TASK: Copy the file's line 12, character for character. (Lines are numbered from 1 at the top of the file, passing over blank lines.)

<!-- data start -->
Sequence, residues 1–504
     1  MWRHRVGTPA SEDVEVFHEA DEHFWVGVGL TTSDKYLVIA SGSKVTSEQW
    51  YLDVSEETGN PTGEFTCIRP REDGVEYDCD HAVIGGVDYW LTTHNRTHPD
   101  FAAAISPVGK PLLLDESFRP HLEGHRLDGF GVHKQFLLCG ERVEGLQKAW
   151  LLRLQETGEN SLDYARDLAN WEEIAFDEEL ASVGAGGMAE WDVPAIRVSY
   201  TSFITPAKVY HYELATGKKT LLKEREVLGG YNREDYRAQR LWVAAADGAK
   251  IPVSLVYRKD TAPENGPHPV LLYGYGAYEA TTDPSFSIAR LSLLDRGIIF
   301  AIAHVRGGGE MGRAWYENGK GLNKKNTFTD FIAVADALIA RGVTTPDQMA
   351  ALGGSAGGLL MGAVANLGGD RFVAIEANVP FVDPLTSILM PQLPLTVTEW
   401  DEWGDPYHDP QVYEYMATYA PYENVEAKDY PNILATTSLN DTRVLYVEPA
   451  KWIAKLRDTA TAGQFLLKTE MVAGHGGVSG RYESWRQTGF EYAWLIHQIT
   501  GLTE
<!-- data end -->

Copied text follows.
   501  GLTE